Like my fellow New Yorkers, I’m stuck at home during the coronavirus outbreak. My forays outside have been restricted to “essential” travel: grabbing groceries, taking walks for exercise (while maintaining a six-foot distance from everyone else doing the same thing), and stocking up on toilet paper and cleaning supplies. So I’ve had a lot (too much?) time to read and think about the crisis and its implications for our economy and politics. My roommate has access to the Wall Street Journal through work, which certainly hasn’t helped.
Here’s a representative sample of its opinion pages:
The financial markets are in an unrestrained and undisciplined panic. Whenever this happens, whether in 1929 or 2008, an overreaction of economically damaging regulation follows. If that post-panic panic occurs this time, it will turn the sacrifices everyone made fighting the virus into a long-term economic decline. The goal should be to create incentives for the economy to turn upward, not drive it down further with new burdens.
Here’s a recovery idea Bernie Sanders won’t like, but what Bernie represents is looking pretty yesterday by now. Before this crisis, the real economy and the people who do real work were strong. When it’s over, every level of government—federal, state and local—should declare a two-year holiday from regulatory costs, such as the minimum wage. Ask any big-city shopkeeper or business owner if that relief wouldn’t help them hire back staff and turn the curve up quickly. Ask the laid-off workers if they’d take that deal.
(Daniel Henninger, “Yes, Flatten the Curve”)
Here’s the lesson of the virus so far: Relying solely on government bureaucracy is insane. To the extent America is weathering this moment, it is in enormous part thanks to the strength, ingenuity and flexibility of our thriving, competitive capitalist players.
The loathsome “multimillionaires” at Comcast, Verizon and Sprint are guaranteeing to keep Americans online for the next two months, regardless of who can pay. Adobe and Google are making remote-learning tools available to schools, universities and parents. U-Haul is offering free self-storage to college kids. Fannie Mae and Freddie Mac are suspending foreclosures. The list of corporations voluntarily offering sick leave, pay for contractors and vendors, work-at-home flexibility, and donations to affected communities is enormous—and inspiring, especially given the general financial distress.
(Kimberly Strassel, “Coronavirus Vindicates Capitalism”)
Italy lags other large European countries in provision of acute-care hospital beds, furnishing 2.62 of them per 1,000 residents as of 2016, according to the Organization for Economic Cooperation and Development. In Germany it’s 6.06 and in France and the Netherlands it’s 3.15 and 3 respectively. That year, Italy devoted around $913 per capita to inpatient acute and rehabilitative care, compared with $1,338 in France, $1,506 in Germany, and $1,732 in the U.S.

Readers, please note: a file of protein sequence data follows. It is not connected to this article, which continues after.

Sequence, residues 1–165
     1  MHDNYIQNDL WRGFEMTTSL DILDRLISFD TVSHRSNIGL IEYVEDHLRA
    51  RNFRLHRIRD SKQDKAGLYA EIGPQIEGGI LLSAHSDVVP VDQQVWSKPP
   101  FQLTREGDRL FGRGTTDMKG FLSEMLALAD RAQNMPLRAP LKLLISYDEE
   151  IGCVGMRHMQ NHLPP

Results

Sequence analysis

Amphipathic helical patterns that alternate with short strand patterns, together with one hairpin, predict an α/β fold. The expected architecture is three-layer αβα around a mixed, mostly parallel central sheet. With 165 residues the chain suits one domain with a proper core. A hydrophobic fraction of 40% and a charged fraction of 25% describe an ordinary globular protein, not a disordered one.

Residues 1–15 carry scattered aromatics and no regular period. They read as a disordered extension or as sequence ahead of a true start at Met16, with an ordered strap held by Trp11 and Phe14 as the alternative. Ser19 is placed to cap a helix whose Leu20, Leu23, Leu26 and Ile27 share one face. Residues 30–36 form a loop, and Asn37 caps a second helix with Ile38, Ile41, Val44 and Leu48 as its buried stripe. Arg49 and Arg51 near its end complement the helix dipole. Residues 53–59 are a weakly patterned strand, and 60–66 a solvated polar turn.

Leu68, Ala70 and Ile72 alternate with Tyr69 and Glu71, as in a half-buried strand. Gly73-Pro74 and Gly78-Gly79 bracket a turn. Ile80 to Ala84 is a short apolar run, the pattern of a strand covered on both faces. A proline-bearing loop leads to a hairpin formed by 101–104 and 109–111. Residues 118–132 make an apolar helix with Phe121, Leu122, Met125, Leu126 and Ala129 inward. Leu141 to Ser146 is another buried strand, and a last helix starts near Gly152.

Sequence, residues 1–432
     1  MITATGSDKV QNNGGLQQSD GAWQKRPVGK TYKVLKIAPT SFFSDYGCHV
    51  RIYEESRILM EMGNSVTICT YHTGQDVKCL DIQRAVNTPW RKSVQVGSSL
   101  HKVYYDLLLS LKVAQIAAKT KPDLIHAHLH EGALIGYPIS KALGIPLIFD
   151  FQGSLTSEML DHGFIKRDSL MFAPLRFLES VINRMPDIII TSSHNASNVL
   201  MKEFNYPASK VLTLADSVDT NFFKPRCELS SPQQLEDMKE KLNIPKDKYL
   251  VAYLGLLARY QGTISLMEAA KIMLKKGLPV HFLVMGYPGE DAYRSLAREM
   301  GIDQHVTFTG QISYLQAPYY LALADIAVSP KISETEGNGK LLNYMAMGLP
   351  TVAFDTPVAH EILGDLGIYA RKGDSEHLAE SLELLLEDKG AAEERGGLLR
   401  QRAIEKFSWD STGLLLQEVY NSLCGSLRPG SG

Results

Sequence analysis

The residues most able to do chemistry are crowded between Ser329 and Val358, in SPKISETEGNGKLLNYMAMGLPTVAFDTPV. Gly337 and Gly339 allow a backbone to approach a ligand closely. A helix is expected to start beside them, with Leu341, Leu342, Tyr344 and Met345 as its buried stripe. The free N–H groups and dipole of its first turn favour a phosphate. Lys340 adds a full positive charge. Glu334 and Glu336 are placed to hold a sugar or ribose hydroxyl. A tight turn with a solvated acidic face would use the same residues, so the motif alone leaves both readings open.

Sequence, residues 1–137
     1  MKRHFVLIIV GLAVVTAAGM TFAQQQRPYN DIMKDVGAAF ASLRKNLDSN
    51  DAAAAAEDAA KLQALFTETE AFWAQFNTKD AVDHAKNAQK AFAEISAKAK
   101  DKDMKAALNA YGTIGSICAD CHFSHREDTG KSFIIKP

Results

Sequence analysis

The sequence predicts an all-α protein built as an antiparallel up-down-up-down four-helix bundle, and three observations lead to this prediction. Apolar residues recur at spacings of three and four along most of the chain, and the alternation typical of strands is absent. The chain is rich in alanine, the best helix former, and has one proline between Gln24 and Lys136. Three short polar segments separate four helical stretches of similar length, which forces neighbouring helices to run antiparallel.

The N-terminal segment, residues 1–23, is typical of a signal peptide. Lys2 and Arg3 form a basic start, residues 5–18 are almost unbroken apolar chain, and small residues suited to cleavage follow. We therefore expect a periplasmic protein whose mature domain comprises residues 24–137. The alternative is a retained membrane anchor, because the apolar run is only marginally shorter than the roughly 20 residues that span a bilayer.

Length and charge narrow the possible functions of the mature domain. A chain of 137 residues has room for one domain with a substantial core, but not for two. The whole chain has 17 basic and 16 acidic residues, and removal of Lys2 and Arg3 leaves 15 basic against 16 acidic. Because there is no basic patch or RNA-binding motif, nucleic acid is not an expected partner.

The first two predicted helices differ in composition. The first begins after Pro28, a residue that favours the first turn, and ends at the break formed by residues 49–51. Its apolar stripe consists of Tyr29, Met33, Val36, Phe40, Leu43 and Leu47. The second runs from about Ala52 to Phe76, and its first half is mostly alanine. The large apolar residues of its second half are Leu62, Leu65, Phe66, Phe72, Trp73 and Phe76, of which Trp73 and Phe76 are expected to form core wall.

Government accounted for 79% of total health-care spending in the U.K. in 2017, according to Eurostat, and 74% in Italy. Germany and France both rely on compulsory insurance schemes with varying degrees of subsidy and government meddling, but outright government expenditure amounts to only 6% of total health spending in Germany and 5% in France. Covid-19 in this sense is a test of how much one trusts central health planners to make wise long-term decisions that boost resilience in the face of unusual dangers.
(Joseph C. Sternberg, “Europe’s Coronavirus Fate is Already Sealed”)
Given the current public-health strategy of social distancing, providing cash and in-kind benefits to tens of millions of stranded workers may be a prudent and compassionate approach. But no one should pretend these programs will stimulate recovery. They are likelier to prolong a slump, as the Obama strategy did. President Trump should beware: Another redistribution recession might even ensure that Joe Biden takes his job in November.
A much simpler and more effective stimulus would be a pro-growth tax cut, such as a suspension of the payroll tax. In addition to boosting take-home pay, it would give 27 million small businesses an incentive to hire rather than fire.
(Arthur Laffer and Stephen Moore, “Obama’s Bad Stimulus Example”)
There are some true howlers in these op-eds, my favorite being the commentary about the low number of acute-care hospital beds per capita in Italy. Accompanying the text is a figure, also displayed at the top of this post. As you can see, our free market healthcare system has furnished even fewer beds per capita, 2.44, than Italy’s “centrally planned” one (2.62). The top countries, by this metric, are the notoriously laissez-faire countries of Japan and South Korea.
I’m reminded of Corey Robin’s thesis about conservatism: